Saturday, July 31, 2010

Headsets

[Edited 2010.08.02 to add lapel and headworn singer's microphones.  2010.08.08 change "singer" to "performer and announcer"]

Since The Raven now works long-distance for a large government lab (LGL) which shall remain nameless, he has had to acquire a comfortable high-quality headset for long on-line conversations. Headsets turn out to be an area where a large amount of design and research has been invested. There are numerous types of earphones and microphones, signal processors, and devices. I've only scratched the surface of the market, and I came up with the following incomplete set of options:
  • Wired or "corded" vs. wireless. Wireless sets sometimes include Bluetooth at considerable expense.
  • Audio processing
  • Basic telephony set.
  • High-quality telephone set—includes audio processor. Some versions provide wideband sound reproduction, but this doesn't work with the actual telephone network, which is still bandwidth limited to 300-3300 Hz.
  • Monaural—sound to one ear. Good for portability and comfort.
  • Binaural headset—delivers the same sound to both ears for clarity in a noisy environment
  • Gamer's set—adds stereo sound for spatial placement. 
  • Surround-sound gamer's set—even more spatial cueing.
 Earphone options:
  • Audiophile—High-quality earphones for music listening.
  • Voice processing—clarifies voices (including music vocals) at, probably, the cost of other kinds of sound
  • Earbuds
  • In-Ear
Microphone options:
  • Fixed to earpiece. Adequate in a quiet environment, will pick up noise everywhere else.
  • Lapel microphone. Usually a bit closer to the mouth than an earpiece microphone, but still tends to pick up noise, and requires a lapel.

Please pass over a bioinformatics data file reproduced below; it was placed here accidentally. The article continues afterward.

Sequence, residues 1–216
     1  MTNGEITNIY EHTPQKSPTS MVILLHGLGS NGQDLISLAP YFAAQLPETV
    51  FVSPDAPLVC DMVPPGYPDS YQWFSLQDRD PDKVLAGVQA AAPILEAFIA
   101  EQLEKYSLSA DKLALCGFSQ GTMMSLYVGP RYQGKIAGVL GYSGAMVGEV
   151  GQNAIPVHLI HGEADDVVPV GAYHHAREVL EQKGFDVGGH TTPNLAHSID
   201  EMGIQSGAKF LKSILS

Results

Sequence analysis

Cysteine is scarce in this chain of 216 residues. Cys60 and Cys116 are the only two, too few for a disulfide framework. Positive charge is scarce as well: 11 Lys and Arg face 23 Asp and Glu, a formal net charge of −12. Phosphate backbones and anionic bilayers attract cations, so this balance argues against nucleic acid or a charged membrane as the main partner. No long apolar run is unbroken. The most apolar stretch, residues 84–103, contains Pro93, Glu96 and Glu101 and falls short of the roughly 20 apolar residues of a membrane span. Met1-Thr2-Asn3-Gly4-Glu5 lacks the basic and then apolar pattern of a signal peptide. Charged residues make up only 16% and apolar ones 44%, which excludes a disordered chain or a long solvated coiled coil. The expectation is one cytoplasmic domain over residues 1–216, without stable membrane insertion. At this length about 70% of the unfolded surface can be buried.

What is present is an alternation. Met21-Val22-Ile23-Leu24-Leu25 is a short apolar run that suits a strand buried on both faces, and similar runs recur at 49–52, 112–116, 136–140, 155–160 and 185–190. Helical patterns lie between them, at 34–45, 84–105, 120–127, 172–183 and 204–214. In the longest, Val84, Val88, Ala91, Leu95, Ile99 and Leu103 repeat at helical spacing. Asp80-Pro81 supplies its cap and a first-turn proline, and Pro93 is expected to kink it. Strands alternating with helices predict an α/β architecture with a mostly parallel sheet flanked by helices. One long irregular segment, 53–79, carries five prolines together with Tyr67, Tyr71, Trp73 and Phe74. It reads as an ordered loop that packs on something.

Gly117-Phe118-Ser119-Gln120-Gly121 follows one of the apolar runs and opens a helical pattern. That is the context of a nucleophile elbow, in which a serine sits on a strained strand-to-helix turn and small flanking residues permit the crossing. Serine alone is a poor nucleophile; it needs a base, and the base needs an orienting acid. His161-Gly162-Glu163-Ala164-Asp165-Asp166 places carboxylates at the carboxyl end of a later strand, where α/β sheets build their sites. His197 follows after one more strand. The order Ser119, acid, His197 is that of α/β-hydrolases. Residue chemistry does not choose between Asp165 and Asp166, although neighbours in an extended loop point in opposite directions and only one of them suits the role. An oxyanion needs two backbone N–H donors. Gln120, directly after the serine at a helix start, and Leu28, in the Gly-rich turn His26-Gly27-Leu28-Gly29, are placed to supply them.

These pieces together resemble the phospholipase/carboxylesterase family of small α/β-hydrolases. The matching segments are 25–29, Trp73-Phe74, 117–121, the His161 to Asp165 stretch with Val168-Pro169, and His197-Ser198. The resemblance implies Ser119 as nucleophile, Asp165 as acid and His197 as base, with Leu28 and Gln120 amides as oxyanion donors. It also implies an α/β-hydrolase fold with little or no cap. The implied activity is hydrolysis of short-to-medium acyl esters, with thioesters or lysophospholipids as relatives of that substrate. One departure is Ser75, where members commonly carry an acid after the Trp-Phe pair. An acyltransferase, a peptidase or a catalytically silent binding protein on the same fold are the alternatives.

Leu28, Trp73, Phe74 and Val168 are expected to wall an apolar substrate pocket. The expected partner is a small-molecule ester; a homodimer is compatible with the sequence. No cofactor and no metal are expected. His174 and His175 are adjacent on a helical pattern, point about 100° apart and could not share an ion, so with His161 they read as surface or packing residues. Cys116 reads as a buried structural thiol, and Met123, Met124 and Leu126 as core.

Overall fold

• Boom microphone. Brings microphone close to mouth to reduce background noise.
  • Headworn performer or announcer's microphone. Made by the usual suspects: AudioTechnica, Crown Audio, ElectroVoice, Shure, and so on. Far and away the best wearable voice microphones available, but require adapters for use in telephony.
  • Noise canceling—reduces background noise. Especially valuable with wireless sets used outdoors, where wind can play hob with voices.
Different companies headsets do different things and no one set does everything. Generally, firms are strongest in their traditional areas. Thus, Plantronics makes good sets for telephone use, Sennheiser and Sony make good sets for audio quality, and so on. If you care about sound quality, don't buy the unbranded Chinese-make headsets—they don't work very well. I bought a Plantronics .Audio 476 gamers headset at Fry's as a starter ($35+tax) and have so far not wanted anything more, though it is a little uncomfortable on long wear. <http://www.plantronics.com/north_america/en_US/products/computer/multi-use-computer-headsets/audio-476-dsp>. A professional version of this one is the "D261N Stereo SupraPlus Headset with Stereo DA45 USB Adapter" (perhaps $200 market.) I have found Plantronics sets with similar earpieces very comfortable. <http://www.plantronics.com/north_america/en_US/products/office/corded-office-headsets/supraplus-d261n-da45>

Hmmm, wonder how these reproduce croaks.

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